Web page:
Day After Tomorrow
(Bobolink/Razor & Tie)
A half-century into her career, Joan Baez is still a folkie to be reckoned with, said Jim Abbott in the Orlando Sentinel. The “crystalline” soprano and “unwavering social conscience” that have made her a music legend remain strong on her 24th album. The 67-year-old “seems to have dialed back her powerful vocal delivery,” but this “quieter approach” only reflects the wisdom of age. Produced by Steve Earle, Day After Tomorrow is a “warm, intimate” collection of understated material from artists who share her commitment to the highest quality of songwriting. Baez once again interprets songs—from the likes of Elvis Costello, Tom Waits, and Earle himself—with respect and affection. Baez and Earle form a “fruitful partnership,” said Jody Rosen in Rolling Stone. Her piercing voice has always had a “prophetic sound.” But Earle’s production uses salt-of-the-earth gruffness to counter Baez’s “ethereal tendencies.” He never tries to reinvent her, though, said William Ruhlmann in All Music Guide. Every selection, from Earle’s “Jericho Road” to Waits’ “Day After Tomorrow,” seems planted firmly “in the tradition” of her repertoire. Earle has taken the spirit, the sound, and, most important, the message of Baez’s yesterday and transferred them to today.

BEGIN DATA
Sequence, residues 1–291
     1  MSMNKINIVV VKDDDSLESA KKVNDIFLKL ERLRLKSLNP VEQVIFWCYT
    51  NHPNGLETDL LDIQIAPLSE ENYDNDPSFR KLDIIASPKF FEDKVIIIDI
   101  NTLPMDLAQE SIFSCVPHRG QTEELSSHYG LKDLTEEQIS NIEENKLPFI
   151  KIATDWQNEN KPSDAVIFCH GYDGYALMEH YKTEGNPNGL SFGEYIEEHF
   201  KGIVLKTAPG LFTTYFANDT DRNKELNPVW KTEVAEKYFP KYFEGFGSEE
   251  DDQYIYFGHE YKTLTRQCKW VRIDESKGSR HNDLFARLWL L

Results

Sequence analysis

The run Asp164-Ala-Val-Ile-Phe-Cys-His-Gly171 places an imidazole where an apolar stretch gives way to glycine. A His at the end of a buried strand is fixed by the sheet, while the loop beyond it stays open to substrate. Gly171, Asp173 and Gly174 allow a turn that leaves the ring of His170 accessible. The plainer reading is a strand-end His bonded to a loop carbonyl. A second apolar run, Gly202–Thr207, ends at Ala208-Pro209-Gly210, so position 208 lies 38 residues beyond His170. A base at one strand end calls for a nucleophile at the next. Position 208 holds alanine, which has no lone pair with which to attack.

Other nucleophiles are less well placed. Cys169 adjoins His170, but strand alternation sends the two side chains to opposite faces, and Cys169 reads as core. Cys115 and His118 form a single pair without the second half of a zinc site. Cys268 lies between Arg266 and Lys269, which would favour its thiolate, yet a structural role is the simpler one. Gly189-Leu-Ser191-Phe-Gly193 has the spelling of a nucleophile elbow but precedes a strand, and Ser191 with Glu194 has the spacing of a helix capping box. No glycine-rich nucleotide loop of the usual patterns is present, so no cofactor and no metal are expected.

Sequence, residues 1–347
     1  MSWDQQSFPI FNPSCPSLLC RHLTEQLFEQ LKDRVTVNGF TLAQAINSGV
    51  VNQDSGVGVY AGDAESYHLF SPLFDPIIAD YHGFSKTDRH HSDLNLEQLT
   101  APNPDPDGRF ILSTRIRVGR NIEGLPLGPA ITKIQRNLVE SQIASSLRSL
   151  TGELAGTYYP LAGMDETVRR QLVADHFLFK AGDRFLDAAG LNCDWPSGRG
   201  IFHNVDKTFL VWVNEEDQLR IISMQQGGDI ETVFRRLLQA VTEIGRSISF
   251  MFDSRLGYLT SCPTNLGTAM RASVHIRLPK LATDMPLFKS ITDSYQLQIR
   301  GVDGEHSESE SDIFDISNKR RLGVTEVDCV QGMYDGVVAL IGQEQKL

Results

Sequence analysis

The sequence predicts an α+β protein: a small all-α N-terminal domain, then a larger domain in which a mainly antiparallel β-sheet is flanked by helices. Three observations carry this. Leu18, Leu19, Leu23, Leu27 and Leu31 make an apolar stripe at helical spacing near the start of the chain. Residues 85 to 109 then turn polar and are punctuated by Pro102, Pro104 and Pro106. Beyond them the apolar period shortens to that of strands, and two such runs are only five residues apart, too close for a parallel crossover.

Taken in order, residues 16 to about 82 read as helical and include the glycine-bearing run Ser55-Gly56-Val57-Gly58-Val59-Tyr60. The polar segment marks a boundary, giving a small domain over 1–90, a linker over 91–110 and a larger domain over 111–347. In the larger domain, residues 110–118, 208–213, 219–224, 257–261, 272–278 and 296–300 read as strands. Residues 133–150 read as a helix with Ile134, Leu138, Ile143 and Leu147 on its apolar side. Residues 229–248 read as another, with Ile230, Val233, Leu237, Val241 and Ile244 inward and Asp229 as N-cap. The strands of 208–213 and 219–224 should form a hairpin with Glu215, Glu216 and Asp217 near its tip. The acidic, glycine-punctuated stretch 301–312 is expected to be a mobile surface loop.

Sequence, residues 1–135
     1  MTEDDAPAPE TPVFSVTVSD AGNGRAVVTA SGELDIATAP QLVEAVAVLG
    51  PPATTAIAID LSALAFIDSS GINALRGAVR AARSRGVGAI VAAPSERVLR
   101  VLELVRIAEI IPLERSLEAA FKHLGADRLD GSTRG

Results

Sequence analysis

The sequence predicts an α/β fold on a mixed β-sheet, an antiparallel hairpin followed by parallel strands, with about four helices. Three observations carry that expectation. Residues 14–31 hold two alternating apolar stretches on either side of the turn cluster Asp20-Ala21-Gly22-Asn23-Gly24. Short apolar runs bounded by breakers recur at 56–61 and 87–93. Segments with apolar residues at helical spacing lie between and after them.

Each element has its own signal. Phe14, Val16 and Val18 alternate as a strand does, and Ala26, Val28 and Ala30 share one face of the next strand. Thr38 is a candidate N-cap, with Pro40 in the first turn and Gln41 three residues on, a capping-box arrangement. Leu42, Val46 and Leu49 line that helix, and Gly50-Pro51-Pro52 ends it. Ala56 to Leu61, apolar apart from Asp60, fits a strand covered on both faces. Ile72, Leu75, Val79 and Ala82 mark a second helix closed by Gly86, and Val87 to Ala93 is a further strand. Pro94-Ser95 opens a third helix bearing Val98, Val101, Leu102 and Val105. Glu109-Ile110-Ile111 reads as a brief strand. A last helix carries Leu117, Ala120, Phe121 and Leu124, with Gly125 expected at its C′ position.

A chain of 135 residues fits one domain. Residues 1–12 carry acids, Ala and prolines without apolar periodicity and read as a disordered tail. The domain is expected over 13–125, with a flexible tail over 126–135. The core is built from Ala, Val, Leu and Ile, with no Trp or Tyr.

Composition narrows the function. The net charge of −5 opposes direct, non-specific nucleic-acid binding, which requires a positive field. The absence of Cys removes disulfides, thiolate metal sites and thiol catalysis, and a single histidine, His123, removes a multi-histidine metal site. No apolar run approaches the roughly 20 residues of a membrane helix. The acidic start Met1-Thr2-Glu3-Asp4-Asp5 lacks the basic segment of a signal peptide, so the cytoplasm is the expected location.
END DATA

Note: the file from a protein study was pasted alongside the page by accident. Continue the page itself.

THE WEEK'S AUDIOPHILE PODCASTS: LISTEN SMARTER
- The U.S. Marines are developing laser weapons. Here's why.
- How to be the most productive person in your office — and still get home by 5:30 p.m.
- 43 TV shows to watch in 2014
- Why the Supreme Court is allowing Texas to hold an unconstitutional election
- 3 horrific inaccuracies in Homeland's depiction of Islamabad
- How 1,000-year lifespans could remake the economy
- 6 things the happiest families all have in common
- Gamergate has backfired spectacularly on its nincompoop perpetrators
- Ban PowerPoint!
- Rise of the machines
Subscribe to the Week